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The NRL has named 46 Ambassadors for 2017, including the likes of Alan Tongue, Darren Lockyer, Ruan Sims, Georgia Hale, Clinton Toopi and Matt Bowen.

The Ambassadors will join NRL Clubs and the wider NRL community in supporting numerous community initiatives throughout Australia, New Zealand and the Pacific, all aimed at improving lives and educating communities on positive wellbeing.

Amongst the record 46 Ambassadors are 10 female Ambassadors and 10 Pasifika Ambassadors, with 15 of the 46 Ambassadors taking on official Ambassador duties for the first time in 2017.

NRL General Manager of Community, Ellen Beale was delighted to welcome many of the Ambassadors to an induction at Rugby League Central this week.

“Rugby League is fortunate to have many within our playing groups and our communities who go above and beyond, often without fuss, to help improve the lives of others,” Ms Beale said.

“Our Ambassadors are an invaluable extension of our many community programs, including supporting positive mental wellbeing, eradicating domestic violence and ensuring safe and supportive learning environments for students.

“I look forward to working alongside all of our Ambassadors as we continue to use Rugby League’s voice to actively contribute to making our communities more inclusive.”

The NRL’s Community programs are aligned to three key pillars: Health, Respect and Learn.

Programs are supported by expert partners, who enable and guide decisions aimed at providing positive experiences and outcomes.

Newly appointed Ambassador and former Broncos captain, Corey Parker said it was an easy decision to put his hand up to play a role in continuing to give back to a sport that has been such an important part of his life.

“I’m excited to be given this opportunity to continue being a positive role model within the game I love,” Parker said.

“A lot of people see the brilliance of many players on the field, but I can tell you that just as many players and people connected with rugby league do a lot of good things off the field to help out those who need a bit of support or just someone to talk to.”

Further information on NRL Community programs can be found at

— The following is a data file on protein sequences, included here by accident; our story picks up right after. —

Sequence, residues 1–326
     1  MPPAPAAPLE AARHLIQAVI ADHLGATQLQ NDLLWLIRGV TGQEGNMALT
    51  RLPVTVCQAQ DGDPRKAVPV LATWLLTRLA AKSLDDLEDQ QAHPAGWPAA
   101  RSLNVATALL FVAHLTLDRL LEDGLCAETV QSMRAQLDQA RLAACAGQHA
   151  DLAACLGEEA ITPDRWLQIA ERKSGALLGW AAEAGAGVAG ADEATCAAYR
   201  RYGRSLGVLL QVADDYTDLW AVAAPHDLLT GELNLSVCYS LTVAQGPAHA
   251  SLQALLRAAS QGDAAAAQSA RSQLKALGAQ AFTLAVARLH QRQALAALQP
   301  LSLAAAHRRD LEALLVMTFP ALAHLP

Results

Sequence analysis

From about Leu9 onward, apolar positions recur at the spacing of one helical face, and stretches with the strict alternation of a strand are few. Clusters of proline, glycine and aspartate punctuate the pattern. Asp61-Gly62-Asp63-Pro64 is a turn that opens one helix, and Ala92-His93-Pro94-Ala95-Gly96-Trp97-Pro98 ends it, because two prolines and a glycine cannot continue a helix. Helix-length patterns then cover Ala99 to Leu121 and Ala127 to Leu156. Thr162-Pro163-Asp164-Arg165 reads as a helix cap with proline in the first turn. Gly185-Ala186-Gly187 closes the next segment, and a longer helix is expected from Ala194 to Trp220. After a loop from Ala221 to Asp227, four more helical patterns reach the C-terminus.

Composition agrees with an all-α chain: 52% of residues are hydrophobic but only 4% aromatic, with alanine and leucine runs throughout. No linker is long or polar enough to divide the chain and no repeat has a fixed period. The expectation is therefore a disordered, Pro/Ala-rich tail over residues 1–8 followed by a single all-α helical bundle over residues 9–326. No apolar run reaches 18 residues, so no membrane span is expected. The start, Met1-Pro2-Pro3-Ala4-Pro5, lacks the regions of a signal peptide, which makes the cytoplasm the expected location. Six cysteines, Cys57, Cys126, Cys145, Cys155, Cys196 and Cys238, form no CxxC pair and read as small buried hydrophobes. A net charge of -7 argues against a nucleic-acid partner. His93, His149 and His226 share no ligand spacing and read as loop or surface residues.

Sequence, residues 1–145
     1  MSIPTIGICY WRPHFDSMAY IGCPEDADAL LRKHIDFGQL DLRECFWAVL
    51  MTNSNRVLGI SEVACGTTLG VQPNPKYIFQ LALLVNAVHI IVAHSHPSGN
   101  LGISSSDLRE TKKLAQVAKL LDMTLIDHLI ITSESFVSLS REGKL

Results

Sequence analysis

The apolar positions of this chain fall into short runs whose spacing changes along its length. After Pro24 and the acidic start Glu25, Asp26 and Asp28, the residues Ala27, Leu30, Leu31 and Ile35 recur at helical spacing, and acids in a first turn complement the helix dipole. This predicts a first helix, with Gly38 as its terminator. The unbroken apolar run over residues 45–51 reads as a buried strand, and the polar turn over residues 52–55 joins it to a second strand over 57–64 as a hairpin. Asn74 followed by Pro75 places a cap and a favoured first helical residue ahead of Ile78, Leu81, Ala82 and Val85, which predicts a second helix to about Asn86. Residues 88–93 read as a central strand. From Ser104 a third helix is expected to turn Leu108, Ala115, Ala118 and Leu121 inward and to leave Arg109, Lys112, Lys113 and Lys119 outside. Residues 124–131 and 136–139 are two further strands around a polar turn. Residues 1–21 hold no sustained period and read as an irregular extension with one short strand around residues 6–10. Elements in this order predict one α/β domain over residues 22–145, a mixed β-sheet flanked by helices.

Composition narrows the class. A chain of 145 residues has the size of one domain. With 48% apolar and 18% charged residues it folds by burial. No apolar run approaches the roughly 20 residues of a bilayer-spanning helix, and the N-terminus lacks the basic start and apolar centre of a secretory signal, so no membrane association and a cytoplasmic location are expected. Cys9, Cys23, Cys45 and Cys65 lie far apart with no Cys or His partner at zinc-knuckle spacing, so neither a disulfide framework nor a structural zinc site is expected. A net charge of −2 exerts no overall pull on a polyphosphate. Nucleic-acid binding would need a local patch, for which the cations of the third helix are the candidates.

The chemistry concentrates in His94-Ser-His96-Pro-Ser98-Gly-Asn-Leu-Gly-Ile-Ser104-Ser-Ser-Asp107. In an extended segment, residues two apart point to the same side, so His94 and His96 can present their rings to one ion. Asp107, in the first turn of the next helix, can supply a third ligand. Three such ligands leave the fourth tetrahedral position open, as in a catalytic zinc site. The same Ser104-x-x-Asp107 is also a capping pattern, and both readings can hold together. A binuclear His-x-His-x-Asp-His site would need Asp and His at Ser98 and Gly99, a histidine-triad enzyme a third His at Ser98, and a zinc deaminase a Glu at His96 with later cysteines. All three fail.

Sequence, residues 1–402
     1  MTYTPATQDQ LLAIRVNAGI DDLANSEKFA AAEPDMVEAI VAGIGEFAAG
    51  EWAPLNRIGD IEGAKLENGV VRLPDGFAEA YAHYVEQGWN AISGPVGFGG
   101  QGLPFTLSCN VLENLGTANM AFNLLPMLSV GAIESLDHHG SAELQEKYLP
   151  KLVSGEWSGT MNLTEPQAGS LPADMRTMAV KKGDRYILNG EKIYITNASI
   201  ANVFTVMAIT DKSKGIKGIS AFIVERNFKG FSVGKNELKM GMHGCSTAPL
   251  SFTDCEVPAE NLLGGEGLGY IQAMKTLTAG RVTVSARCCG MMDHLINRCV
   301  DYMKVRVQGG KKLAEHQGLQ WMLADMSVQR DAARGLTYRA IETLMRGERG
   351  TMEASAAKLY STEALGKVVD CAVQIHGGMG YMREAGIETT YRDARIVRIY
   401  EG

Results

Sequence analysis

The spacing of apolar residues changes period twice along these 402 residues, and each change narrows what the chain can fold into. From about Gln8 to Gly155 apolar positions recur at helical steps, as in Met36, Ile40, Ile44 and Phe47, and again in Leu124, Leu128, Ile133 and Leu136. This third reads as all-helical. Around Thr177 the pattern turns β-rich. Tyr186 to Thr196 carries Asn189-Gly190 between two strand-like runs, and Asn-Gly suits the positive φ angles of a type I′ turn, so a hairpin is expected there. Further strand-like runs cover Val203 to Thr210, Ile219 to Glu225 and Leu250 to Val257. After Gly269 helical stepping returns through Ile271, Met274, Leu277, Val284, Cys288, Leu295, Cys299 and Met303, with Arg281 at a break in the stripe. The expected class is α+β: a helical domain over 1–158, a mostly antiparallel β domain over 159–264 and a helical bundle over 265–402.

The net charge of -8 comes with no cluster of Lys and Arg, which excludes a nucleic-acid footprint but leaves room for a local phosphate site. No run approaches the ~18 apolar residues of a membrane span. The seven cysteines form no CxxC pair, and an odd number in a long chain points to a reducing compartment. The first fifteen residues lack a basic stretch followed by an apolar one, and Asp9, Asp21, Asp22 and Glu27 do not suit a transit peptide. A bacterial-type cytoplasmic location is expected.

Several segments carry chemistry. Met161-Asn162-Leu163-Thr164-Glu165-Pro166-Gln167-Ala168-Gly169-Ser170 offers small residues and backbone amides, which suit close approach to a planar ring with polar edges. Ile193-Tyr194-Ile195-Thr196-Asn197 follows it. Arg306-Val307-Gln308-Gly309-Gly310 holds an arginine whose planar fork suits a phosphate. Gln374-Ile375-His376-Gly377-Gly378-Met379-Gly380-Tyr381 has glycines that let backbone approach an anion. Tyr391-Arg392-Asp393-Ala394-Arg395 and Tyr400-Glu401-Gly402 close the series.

2017 NRL Ambassadors

Roy Asotasi                                                                       

Matthew Bowen                                                             

Sam Bremner

Danny Buderus

Terry Campese

Petero Civoniceva

Ben Creagh

Jamie Feeney

Mario Fenech

Nathan Friend

Joe Galuvao

Tazmin Gray

Dene Halatau

Georgia Hale

Steph Hancock

Bronson Harrison

Nathan Hindmarsh

Justin Hodges

Jenni-Sue Hoepper

Dan Hunt

Dallas Johnson

Brett Kimmorley

Matt King

Jason King

Renae Kunst

Darren Lockyer

Alex McKinnon

Steven Menzies

Anthony Minichiello

Karyn Murphy

Corey Parker

Frank Puletua

Jerome Ropati

George Rose

Ben Ross

Andrew Ryan

Ruan Sims

John Skandalis

David Solomona

Maddie Studdon

Brent Tate

Alan Tongue

Clinton Toopi

Dean Widders

Craig Wing

Rebecca Young

2017 NRL Ambassadors Background Information

Ø  A record 46 NRL Ambassadors announced for 2017 (up from 39 NRL Ambassadors in 2016)

Ø  15 first-time Ambassadors amongst the 46

Ø  10 female Ambassadors amongst the 46

Ø  7 New Zealand Ambassadors amongst the 46

Ø  4 Indigenous Ambassadors amongst the 46

Ø  3 Pacific Ambassadors amongst the 46

2016 NRL Community Programs Background Information

Ø  Ambassadors and Players spent more than 35,000 hours outside of rugby league commitments supporting local, regional and rural communities

Ø  More than 250,000 school children were educated on the importance of wellbeing as part of the NRL’s annual Community Carnival

Ø  More than 350 hours of face to face delivery of the NRL’s In League In Harmony multicultural program

Ø  98% transition rate of students into employment and further education as part of the NRL’s Indigenous School to Work program

Ø  24 players from the NRL, Jillaroos and Touch Football Australia self-nominated to become NRL State of Mind ambassadors – supporting those suffering from mental illness

Ø  NRL Ambassadors visited more than 130,000 school children last year, imparting education and wellbeing messages across Australia, New Zealand and the Pacific

NRL Community Pillars and Lead Programs

NRL Health: State of Mind, NRL Wellbeing

NRL Respect: Voice Against Violence, In League In Harmony, Tackle Bullying, Pride in Sport

NRL Learn: School to Work, Learning with League, Rugby League Reads, Dream; Believe; Achieve

Acknowledgement of Country

Canterbury-Bankstown Bulldogs respect and honour the Darug and Eora nations, who are the Traditional Custodians of the land and pay our respects to their Elders past, present and future. We acknowledge the stories, traditions and living cultures of Aboriginal and Torres Strait Islander peoples on the lands we meet, gather and play on.